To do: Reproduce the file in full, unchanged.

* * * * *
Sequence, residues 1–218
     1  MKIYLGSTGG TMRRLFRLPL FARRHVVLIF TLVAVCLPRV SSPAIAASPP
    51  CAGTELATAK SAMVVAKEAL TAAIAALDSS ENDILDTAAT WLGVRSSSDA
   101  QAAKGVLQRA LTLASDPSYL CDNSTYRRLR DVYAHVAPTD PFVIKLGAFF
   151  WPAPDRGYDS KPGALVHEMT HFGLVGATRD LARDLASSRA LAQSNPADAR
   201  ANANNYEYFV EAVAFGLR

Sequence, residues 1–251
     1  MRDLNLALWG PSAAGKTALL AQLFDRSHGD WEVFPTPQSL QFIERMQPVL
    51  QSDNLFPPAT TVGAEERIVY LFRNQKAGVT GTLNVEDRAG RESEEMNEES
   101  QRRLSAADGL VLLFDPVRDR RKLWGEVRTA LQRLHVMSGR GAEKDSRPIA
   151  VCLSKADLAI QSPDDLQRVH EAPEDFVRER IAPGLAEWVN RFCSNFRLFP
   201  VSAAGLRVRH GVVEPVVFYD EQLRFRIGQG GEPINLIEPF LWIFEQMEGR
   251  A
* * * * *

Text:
Sequence, residues 1–218
     1  MKIYLGSTGG TMRRLFRLPL FARRHVVLIF TLVAVCLPRV SSPAIAASPP
    51  CAGTELATAK SAMVVAKEAL TAAIAALDSS ENDILDTAAT WLGVRSSSDA
   101  QAAKGVLQRA LTLASDPSYL CDNSTYRRLR DVYAHVAPTD PFVIKLGAFF
   151  WPAPDRGYDS KPGALVHEMT HFGLVGATRD LARDLASSRA LAQSNPADAR
   201  ANANNYEYFV EAVAFGLR

Sequence, residues 1–251
     1  MRDLNLALWG PSAAGKTALL AQLFDRSHGD WEVFPTPQSL QFIERMQPVL
    51  QSDNLFPPAT TVGAEERIVY LFRNQKAGVT GTLNVEDRAG RESEEMNEES
   101  QRRLSAADGL VLLFDPVRDR RKLWGEVRTA LQRLHVMSGR GAEKDSRPIA
   151  VCLSKADLAI QSPDDLQRVH EAPEDFVRER IAPGLAEWVN RFCSNFRLFP
   201  VSAAGLRVRH GVVEPVVFYD EQLRFRIGQG GEPINLIEPF LWIFEQMEGR
   251  A